Tuesday

4th Oct 2022

Brussels blames member states for red tape delays

  • Businesses complain they are often overwhelmed by form-filling and accounting procedures (Photo: Flickr.com)

The European Commission on Thursday (22 October) put the blame squarely on member states and MEPs for the slow pace in reducing the administrative costs faced by companies trying to follow EU rules.

Compliance with EU laws often means regular provision of statistics, lengthy book-keeping procedures and reams of forms that need to be filled out - long a source of frustration to companies operating in the 27 nation Union.

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In 2007, the European Commission announced it would reduce running costs for businesses by 25 percent by 2012.

The move was seen as representing an internal ideological shift for the commission, which had not previously questioned the need for laws or really looked at their shape and effectiveness.

With just over two years to achieve its goal, the pace has been slow however. One set of measures has been adopted that will reduce the burden to businesses by €7.6 billion annually.

But a second set of measures - accounting for a €30.7 billion yearly cost reduction - is stuck in the legislative pipelines, while the commission has yet to propose a third set which would reduce costs by €2.1 billion a year.

"The Commission has done everything in its power to achieve the 25 percent target by 2012. I invite the European Parliament and Member States to adopt all of our remaining proposals to make them fully effective for the European economy as soon as possible," said industry commissioner Guenter Verheugen.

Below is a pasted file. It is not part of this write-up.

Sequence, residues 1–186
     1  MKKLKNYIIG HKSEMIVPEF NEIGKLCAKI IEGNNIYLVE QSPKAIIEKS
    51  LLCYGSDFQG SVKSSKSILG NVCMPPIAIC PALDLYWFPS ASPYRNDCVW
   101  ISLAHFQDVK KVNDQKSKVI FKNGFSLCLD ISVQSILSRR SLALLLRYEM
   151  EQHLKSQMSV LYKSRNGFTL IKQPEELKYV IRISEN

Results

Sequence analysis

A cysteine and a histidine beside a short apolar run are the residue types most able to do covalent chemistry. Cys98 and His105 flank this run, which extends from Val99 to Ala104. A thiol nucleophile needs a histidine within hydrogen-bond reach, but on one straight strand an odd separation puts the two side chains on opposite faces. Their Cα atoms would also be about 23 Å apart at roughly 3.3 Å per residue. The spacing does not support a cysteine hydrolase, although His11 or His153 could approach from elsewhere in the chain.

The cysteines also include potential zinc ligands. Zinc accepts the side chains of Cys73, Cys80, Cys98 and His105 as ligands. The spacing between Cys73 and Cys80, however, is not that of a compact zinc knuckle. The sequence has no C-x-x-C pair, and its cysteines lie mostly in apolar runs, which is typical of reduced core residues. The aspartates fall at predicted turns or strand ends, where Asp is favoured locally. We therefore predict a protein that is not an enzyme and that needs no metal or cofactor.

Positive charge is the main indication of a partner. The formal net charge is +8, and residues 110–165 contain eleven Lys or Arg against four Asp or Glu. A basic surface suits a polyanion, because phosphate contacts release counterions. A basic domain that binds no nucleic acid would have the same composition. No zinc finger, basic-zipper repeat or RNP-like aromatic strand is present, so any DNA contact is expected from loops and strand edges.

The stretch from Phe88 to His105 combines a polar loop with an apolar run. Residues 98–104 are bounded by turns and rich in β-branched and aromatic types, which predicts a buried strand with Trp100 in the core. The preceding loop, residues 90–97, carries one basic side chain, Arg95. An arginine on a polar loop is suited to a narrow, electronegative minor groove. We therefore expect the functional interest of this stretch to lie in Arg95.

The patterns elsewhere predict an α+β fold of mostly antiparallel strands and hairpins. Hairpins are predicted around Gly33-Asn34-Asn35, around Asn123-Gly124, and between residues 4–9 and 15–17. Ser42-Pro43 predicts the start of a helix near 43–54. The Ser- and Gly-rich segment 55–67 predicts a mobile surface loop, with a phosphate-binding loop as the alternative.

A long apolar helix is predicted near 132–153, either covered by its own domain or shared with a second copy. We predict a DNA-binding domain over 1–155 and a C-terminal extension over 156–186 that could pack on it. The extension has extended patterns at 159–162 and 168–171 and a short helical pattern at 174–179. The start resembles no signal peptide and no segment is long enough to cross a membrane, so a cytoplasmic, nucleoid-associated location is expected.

"It does not cost anything but would mean a boost of around €30.7 billion for our enterprises, and especially for small- and medium-sized enterprises," he added.

If all measures go through, it would mean a saving of around 33 percent - eight points higher than the commission's target. The measures apply to 72 EU texts thought to account for 80 percent of EU-level costs for businesses.

The commissioner said he shared scepticism about the "tendency to rabid legislation" something compounded, he noted, by member states adding to the laws when it came to implementation, a practice known as "gold-plating."

Gold-plating alone is thought to account for 32 percent of the administrative burden arising from EU laws.

Business groups also criticised member states for moving too slowly but said the commission needed to do more.

"More must be done for businesses to see real effects in their day-to-day operations. There are policy areas where not many reductions have been achieved, such as health and safety and the environment," said BusinessEurope.

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